Mount Hawke has an active Methodist chapel. Mount Hawke is the location of Cornwall's largest indoor skatepark. There is a cricket club which plays in the Cornwall League; the village has a park called the'Millennium Green' with a jungle gym, a slide and swings.'The Mount Hawke Boys' is a private club for young people. Mount Hawke has its own Women's Institute building and a playschool held in the Methodist church; when the first section of the Truro and Newquay Railway was opened in 1903, it passed east of the village. In 1905, extra stations were provided along the line as halts. Mount Hawke Halt railway station was the first such halt for eastbound trains 1​5⁄8 miles from the junction with the main line west of Chacewater; the halt was nearly a mile from the village on the road to Chiverton Cross. The line closed in February 1963. British singer-songwriter Alex Parks, winner of the television show Fame Academy in 2003, was brought up in Mount Hawke

Plietesials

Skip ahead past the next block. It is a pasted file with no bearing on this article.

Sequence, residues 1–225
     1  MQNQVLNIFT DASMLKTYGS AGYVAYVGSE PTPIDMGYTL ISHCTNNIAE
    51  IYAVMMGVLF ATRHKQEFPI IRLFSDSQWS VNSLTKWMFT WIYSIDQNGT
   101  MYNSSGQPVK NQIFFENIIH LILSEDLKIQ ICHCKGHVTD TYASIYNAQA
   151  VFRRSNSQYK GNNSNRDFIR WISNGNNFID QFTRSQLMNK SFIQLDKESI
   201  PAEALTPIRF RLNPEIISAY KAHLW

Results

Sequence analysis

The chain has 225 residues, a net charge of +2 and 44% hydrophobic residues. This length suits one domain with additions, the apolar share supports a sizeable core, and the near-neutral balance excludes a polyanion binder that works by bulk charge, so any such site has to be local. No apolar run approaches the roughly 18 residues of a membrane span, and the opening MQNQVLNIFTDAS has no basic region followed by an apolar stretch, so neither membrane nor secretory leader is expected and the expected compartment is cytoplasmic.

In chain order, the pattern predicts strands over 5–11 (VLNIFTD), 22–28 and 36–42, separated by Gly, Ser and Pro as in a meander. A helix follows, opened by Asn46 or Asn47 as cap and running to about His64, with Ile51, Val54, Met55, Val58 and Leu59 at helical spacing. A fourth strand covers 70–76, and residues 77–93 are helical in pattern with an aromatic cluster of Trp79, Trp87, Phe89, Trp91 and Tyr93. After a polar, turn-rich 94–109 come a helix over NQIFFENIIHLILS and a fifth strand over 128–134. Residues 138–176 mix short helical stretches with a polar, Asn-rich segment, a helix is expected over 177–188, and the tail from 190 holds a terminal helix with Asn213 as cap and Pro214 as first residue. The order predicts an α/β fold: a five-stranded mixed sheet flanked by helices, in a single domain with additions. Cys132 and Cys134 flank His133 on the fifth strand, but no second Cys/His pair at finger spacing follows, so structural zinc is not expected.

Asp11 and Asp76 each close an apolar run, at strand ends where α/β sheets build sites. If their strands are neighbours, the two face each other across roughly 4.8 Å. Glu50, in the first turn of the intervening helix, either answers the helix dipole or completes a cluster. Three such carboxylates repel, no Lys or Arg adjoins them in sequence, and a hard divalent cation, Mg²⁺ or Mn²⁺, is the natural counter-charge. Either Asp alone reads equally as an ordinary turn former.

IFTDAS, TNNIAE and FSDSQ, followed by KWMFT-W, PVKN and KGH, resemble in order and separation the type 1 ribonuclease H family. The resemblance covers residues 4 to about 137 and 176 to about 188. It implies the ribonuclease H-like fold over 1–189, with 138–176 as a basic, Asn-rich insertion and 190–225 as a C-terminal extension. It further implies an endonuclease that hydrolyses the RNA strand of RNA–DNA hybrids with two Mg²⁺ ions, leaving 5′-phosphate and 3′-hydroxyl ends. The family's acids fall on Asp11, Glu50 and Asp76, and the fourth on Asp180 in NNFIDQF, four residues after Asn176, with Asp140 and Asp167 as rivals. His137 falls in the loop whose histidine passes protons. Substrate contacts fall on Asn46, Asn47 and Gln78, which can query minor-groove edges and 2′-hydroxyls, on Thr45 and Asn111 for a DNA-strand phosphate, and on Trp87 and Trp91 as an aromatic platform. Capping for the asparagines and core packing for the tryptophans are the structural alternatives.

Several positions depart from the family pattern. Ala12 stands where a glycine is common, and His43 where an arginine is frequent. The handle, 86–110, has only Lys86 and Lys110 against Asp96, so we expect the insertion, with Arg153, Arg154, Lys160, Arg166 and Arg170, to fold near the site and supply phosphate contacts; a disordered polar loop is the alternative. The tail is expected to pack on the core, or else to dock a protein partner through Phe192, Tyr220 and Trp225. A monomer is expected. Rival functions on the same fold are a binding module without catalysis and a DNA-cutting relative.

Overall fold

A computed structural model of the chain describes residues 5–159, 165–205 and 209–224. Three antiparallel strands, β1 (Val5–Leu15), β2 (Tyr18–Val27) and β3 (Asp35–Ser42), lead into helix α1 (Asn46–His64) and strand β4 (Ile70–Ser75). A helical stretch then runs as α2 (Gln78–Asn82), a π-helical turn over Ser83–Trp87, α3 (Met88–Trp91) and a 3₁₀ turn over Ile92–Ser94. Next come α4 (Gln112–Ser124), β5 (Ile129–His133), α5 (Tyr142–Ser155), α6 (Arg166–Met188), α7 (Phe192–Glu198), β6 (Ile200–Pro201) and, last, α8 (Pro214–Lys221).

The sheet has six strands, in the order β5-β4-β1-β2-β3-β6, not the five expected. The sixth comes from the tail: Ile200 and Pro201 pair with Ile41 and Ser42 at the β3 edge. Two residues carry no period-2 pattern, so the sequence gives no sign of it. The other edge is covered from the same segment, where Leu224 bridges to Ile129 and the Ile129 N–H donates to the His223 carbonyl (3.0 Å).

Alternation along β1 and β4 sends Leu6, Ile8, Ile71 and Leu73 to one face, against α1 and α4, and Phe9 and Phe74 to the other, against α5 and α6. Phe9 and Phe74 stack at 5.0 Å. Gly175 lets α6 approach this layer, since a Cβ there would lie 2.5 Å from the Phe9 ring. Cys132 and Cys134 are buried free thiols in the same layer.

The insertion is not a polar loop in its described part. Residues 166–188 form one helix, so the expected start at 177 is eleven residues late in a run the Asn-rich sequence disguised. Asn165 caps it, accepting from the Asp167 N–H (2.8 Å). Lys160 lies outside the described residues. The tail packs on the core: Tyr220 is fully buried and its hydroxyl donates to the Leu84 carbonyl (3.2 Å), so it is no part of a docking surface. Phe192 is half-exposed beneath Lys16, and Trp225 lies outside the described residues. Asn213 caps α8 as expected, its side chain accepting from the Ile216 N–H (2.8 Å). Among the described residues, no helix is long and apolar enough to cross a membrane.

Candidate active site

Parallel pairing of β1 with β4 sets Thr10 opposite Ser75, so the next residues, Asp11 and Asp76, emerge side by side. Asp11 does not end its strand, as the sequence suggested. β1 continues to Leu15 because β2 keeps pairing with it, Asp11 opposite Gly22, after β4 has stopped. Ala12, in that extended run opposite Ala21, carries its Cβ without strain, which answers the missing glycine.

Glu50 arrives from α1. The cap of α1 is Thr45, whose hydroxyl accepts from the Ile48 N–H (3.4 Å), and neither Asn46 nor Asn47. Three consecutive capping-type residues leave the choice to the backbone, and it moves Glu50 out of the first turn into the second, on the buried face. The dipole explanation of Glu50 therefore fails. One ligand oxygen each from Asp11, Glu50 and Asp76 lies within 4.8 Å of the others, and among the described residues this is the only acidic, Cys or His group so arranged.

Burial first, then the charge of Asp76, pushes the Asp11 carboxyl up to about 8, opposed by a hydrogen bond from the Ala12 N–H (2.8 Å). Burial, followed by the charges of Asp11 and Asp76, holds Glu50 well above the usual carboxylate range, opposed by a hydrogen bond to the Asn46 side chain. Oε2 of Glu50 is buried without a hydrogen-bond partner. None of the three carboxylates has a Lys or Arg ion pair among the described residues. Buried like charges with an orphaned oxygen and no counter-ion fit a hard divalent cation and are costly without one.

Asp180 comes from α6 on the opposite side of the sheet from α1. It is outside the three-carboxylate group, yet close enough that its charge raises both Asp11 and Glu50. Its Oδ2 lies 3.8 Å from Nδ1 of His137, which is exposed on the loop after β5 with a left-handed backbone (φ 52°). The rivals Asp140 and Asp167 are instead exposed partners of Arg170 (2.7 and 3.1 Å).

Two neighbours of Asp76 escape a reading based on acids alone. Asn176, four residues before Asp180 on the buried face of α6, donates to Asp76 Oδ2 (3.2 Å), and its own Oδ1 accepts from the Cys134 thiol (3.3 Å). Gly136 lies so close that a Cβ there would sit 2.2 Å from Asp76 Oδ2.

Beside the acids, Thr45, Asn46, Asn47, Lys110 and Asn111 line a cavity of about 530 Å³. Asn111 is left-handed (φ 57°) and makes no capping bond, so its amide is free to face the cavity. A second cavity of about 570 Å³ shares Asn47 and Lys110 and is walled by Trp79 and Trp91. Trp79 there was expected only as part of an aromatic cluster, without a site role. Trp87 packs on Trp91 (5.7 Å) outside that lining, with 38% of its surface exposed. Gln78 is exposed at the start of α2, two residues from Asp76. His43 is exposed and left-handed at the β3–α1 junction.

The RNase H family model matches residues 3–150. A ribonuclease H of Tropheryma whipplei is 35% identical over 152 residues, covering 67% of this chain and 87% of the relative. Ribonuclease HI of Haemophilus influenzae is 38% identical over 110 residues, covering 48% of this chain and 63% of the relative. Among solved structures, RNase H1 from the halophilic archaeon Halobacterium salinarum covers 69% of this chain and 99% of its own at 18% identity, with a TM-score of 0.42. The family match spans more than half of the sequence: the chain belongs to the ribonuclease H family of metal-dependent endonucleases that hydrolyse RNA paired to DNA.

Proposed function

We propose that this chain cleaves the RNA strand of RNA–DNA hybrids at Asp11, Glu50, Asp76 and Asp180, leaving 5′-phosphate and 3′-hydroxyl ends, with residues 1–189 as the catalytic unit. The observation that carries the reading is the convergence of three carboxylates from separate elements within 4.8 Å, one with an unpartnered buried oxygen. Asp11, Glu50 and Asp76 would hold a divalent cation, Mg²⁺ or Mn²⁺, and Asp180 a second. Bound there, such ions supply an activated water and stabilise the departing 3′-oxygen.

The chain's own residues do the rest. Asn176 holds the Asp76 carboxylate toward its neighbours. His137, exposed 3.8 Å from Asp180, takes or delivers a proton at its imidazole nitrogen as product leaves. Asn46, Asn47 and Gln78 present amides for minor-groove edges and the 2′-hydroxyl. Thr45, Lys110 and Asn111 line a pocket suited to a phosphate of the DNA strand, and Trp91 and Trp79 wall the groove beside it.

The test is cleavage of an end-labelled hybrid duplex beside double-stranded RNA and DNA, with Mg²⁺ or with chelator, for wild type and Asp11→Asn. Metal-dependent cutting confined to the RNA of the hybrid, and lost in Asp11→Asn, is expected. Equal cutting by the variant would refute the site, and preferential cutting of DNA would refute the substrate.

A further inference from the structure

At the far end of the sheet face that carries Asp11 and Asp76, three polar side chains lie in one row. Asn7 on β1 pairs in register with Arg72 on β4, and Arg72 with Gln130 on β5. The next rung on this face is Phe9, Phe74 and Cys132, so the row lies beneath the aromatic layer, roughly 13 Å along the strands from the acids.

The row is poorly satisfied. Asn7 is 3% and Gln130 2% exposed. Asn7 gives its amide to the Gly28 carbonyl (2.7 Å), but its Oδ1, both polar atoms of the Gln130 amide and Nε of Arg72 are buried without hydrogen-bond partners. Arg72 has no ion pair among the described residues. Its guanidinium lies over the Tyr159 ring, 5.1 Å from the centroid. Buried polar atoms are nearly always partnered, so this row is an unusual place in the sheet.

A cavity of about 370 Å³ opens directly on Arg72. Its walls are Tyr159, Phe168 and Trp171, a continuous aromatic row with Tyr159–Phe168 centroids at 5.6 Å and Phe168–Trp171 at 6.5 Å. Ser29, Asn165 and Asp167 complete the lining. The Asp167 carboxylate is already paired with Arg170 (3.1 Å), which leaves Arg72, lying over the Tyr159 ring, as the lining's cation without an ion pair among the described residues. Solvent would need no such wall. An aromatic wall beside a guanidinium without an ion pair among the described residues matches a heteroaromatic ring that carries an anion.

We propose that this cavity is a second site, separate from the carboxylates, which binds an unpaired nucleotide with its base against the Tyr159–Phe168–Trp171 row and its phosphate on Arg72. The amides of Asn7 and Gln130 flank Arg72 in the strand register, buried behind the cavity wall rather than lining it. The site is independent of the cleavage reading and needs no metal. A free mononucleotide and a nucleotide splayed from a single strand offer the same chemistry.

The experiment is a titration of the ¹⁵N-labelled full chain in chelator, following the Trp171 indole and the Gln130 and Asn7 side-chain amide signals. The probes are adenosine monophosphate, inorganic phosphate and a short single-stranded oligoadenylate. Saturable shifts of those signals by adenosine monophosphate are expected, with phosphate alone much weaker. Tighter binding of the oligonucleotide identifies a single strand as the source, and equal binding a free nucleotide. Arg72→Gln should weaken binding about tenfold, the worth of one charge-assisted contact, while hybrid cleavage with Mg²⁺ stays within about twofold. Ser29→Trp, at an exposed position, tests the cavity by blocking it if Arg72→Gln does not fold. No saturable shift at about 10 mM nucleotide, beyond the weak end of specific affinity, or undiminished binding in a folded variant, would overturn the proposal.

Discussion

Plietesials are plants that grow for a number of years, flower gregariously, set seed and die. The length of the cycle can vary between 16 years. For example, the Neelakurinji plant flowers every 12 years and bloomed as expected in 2006 in the Munnar region of Kerala, India. Certain species of unrelated families of flowering plants are plietesial; the term plietesial has been used in reference to perennial monocarpic plants “of the kind most met with in the Strobilanthinae” that grow gregariously, flower following a long interval, set seed, die. Other used expressions or terms describing a plietesial life history include gregarious flowering, mast seeding, supra-annual synchronized semelparity, it is not clear why gregarious flowering after long vegetative intervals would be associated with death after flowering, although both are associated with higher reproductive outputs. A good description of this Natural History aspect of a plant's life cycle can be found in the following report: A plietesial life history has long been noted for certain species among unrelated families of flowering plants including Poaceae, Scrophulariaceae, Fabaceae and Acanthaceae.